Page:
The Supreme Being is the Dakini Queen of the Lake of Awareness!

by Yeshe Tsogyel

English version by Keith Dowman

The Supreme Being is the Dakini Queen of the Lake of Awareness!
I have vanished into fields of lotus-light, the plenum of dynamic space,
To be born in the inner sanctum of an immaculate lotus;
Do not despair, have faith!
When you have withdrawn attachment to this rocky defile,
This barbaric Tibet, full of war and strife,
Abandon unnecessary activity and rely on solitude.
Practice energy control, purify your psychic nerves and seed-essence,
And cultivate mahamudra and Dsokchen.

The Supreme Being is the Dakini Queen of the Lake of Awareness!
Attaining humility, through Guru Pema Jungne's compassion I followed him,
And now I have finally gone into his presence;
Do not despair, but pray!
When you see your karmic body as vulnerable as a bubble,
Realising the truth of impermanence, and that in death you are helpless,
Disabuse yourself of fantasies of eternity,
Make your life a practice of sadhana,
And cultivate the experience that takes you to the place where Ati ends.

-- from The Shambhala Anthology of Women's Spiritual Poetry, Edited by Aliki Barnstone

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Commentary by Ivan M. Granger

A few words in this poem might need a little explanation. My notes here don't do justice to the depth of the concepts they represent, but they should help to give you an idea of what's being said.

A "dakini" is represented as a female figure that embodies an awakening aspect of consciousness. Like the mercurial mind itself, a dakini can be mischievous, even wrathful, but also an essential aid in the journey of awakening. The notion also suggests the importance of female as well as male energies in the process of enlightenment.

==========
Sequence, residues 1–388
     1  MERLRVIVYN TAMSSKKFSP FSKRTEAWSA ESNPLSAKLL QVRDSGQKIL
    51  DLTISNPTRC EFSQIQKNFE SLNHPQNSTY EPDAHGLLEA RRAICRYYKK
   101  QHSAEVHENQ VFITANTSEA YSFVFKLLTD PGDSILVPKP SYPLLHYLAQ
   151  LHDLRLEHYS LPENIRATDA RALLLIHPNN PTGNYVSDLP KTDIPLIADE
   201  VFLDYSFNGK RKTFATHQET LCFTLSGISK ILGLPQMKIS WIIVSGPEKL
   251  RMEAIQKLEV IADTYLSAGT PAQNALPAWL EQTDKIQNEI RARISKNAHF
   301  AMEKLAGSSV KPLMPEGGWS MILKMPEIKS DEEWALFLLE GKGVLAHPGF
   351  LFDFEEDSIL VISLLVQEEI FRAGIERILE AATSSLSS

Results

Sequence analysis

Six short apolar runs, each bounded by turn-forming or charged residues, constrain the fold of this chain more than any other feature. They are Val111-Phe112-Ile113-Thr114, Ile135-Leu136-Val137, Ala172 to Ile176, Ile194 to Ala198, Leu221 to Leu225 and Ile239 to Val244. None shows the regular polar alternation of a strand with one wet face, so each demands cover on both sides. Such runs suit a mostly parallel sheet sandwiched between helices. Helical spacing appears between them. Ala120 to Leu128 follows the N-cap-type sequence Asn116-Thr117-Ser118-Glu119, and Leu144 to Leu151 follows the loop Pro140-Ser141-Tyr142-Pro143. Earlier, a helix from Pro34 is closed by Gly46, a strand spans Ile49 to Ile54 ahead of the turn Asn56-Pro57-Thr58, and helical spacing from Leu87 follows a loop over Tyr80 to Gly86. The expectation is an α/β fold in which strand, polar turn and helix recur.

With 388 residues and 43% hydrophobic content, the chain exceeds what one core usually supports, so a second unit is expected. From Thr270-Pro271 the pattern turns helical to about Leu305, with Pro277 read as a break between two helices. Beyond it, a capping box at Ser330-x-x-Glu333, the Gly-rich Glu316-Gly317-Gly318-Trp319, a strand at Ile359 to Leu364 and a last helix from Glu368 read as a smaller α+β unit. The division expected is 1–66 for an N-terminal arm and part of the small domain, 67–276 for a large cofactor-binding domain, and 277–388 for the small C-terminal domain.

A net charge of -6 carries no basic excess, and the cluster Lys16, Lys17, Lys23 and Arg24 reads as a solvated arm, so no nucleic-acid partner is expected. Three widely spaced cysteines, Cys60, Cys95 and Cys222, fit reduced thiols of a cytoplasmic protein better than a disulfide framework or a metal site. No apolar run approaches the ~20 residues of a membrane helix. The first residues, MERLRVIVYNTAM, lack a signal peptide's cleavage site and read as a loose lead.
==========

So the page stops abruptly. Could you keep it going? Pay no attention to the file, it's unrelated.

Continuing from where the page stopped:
Mahamudra literally means "the great seal." It is the full realization of radiant emptiness or spaciousness. It is a seal in that it is the confirmation of enlightenment and the resolution of the nature of reality.

Dzokchen or Dzogchen can be translated as "the great perfection." It is a practice built on the nondual truth that perfection or the Buddha-nature is already everywhere present -- it just needs to be realized.

Sadhana is an all-encompassing term for spiritual practice. It can refer to meditation, mantra, austerities, etc.

And "Ati" means, literally, "extraordinary;" here it may be used as another reference to the practice of Dzokchen. So "where Ati ends" would be the enlightenment that comes through Dzokchen.

But these concepts aside, there are several powerful images that grab hold of me.

The "Lake of Awareness"... That's an image that keeps drawing me back to it.

And that line, "I have vanished into fields of lotus-light..." That's such a shimmering line evoking the notion of the disappearance of the ego into the light of realization. Mmm.

Recommended Books: Yeshe Tsogyel

The Shambhala Anthology of Women's Spiritual Poetry Women of Wisdom: A Journey of Enlightenment by Women of Vision Through the Ages Sky Dancer: The Secret Life and Songs of the Lady Yeshe Tsogyel Advice from the Lotus-Born: A Collection of Padmasambhava's Advice to the Dakini Yeshe Tsogyal and Other Close Disciples Lady of the Lotus-Born: The Life and Enlightenment of Yeshe Tsogyal
More Books >>

The Supreme Being